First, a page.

With growing demands on the land it was, however, increasingly difficult to protect its ecological integrity. Rich and powerful people and a growing mercantile economy had other uses for the land and they were well connected in the state. The pressure to enclosure did not happen for some time after the adoption of the Charter because 100 years on the Black Death took place with massive population loss. This slowed the corrosive effect of growth on the ecological system of that time. However, as the population recovered so too did trade. There was a demand for wool and sheep; a demand for food, not just for local villagers, but for growing urban centres. There was a demand too for wood to build a navy and a mercantile fleet – as well as to keep the people in the towns warm. The land was deforested – not just in the sense of ceasing to be common land but also ceasing to be wooded lands.
Growth and Enclosure
Growth undermined the commons, commoning and commoners. The rights of commoners “for all time” and the ambitions of merchant adventurers and the gentry could not all be accomodated and those who won out were the ones who were well connected with the central power and who were serving its global ambitions. By 1800 the growth that undermined the commons had already gone a long way. E A Wrigley, a professor of economic history at Cambridge University, calculated that to meet the British economy’s energy needs with woodfuel at the beginning of the nineteenth centry would have required a forest the size of Britain to be harvested each year.
This was the time Harwick was formulating his ideas and growth was about to accelerate powerfully with the invention and deployment of the steam engine. No longer was growth solely achieved through colonial expansion and slave labour – it could also expand through machines powered by “energy slaves”- a metaphor first suggested by Buckminster Fuller.
A human being of average fitness can sit on a bicycle rigged to function as a generator and peddle 3kWh in a day – enough to keep a 40watt light bulb glowing through 24 hours. A machine powered by fossil fuels – ‘energy slaves’ in Buckminster Fuller’s metaphor – could do much better. Coming right up to the present day the average North American has a lifestyle that requires the consumption of 24 barrels of oil a year. That is equivalent to 204 energy slaves because a barrel of oil contains the energy equivalent of 8.6 years of human labour. An average Western European lifestyle requires 110 energy slaves.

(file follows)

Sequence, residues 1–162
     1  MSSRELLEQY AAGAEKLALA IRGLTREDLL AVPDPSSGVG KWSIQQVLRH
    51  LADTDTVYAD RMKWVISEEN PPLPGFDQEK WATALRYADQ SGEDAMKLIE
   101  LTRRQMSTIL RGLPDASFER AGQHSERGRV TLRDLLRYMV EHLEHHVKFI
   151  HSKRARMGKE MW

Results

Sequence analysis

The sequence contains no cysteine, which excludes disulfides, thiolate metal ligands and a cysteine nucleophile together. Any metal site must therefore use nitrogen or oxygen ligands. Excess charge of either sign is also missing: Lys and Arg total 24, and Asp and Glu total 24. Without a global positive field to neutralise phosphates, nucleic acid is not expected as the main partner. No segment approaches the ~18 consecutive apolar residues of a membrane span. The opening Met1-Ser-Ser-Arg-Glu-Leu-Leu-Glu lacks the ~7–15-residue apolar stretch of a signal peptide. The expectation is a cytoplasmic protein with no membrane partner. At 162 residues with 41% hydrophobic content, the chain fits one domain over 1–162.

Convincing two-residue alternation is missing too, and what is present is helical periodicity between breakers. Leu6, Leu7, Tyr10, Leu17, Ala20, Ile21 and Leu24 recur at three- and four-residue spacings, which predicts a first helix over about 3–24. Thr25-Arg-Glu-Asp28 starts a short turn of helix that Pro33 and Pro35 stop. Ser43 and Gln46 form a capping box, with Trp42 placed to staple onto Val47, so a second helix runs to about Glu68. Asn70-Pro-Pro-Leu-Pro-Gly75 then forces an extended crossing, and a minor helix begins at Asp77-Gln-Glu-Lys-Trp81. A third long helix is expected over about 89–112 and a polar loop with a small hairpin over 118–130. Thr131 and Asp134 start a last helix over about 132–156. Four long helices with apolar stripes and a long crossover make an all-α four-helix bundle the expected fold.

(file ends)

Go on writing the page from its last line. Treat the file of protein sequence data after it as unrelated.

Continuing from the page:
The growth, powered by fossil fuels, entailed a voracious demand for energy minerals and other natural materials which have encroached on global commons the world over. Given the incredible inequality of the world economy described by Guy Standing the majority of this has and is being consumed by a small majority of the world’s population – the beneficiaries, as Guy would call them, of rentier capitalism. Of this more later.
When the water companies do not maintain their network of sewers and pipes their systems on which we all depend will degrade. If depletable fossil fuels and minerals are used without the development of substitute renewable resources to replace them then a crisis will eventually take place at the time that they are exhausted – when inadequate substitute arrangements have been developed to replace the dwindling energy supply of the fuels that have been burned. In the 1990s there was a debate among economists about what was called “strong” and “weak” versions of sustainability connected to the Hartwick principle. In the strong version non renewable natural resources should be exploited no faster than the rate of creation of renewable substitutes. The revenue from exhaustible resources is supposed to be divided into two parts one of which can be consumed provided that the other part is invested in new sustainable sources of energy that will completed substitute for the depleted ressources.
It’s a nice idea but what would this involve? When one gives the answer one has to doubt whether it is really feasible. At current rates the global economy consumes slightly over a cubic mile of oil a year and the energetic equivalent of another 1.4 cubic miles of oil is consumed as coal and natural gas. So this is the rate at which we should be replacing fossil fuels with renewable energy capacity. But what would this involve? Here are calculations of a number of options to replace just one cubic mile of oil consumed per year. (The nuclear option is also included to show the scale issues).
4 x Three Gorges Dams,developed each year for 50 years, or
52 nuclear power plants, developed each year for 50 years, or
32,850 wind turbines, developed each year for 50 years, or
91,250,000 rooftop solar photovoltaic panels developed each year for 50 years
Each of these “options” would itself involve considerable environmental damage and depletion of other materials
Using this data and 2008 market prices where a cubic mile of oil cost $3 trillion US dollars the developmment cost of all of the substitutes was greater than the market value of the oil. So the idea that one can set aside some of the revenue from oil to invest in replacement is a fantasy.
Making this task even more important, a key problem with a depleting resource is that you have to invest increasing amounts to continue to get out an amount equivalent to what you got before because the easy and cheap to extract resources have been exhausted. Evenually, the investment costs to replace the resources that have been used up becomes too expensive.
A crisis of this sort is almost upon us in the global energy system right now. There is a great deal of talk about developing renewables like wind and solar but they constitute not much more than 1 or 2% of global energy sources while fossil fuel resources are all but exhausted.
Of course fossil fuels are available in the ground in great quantities but the cheap and easy to extract reserves are gone. Getting out what is left is much more expensive and, as a result, a major part of the global fossil fuel sector is in financial crisis. They cannot charge higher and higher energy prices as that will drain the other parts of the economy of the purchasing power to buy everything else as well as to service debts.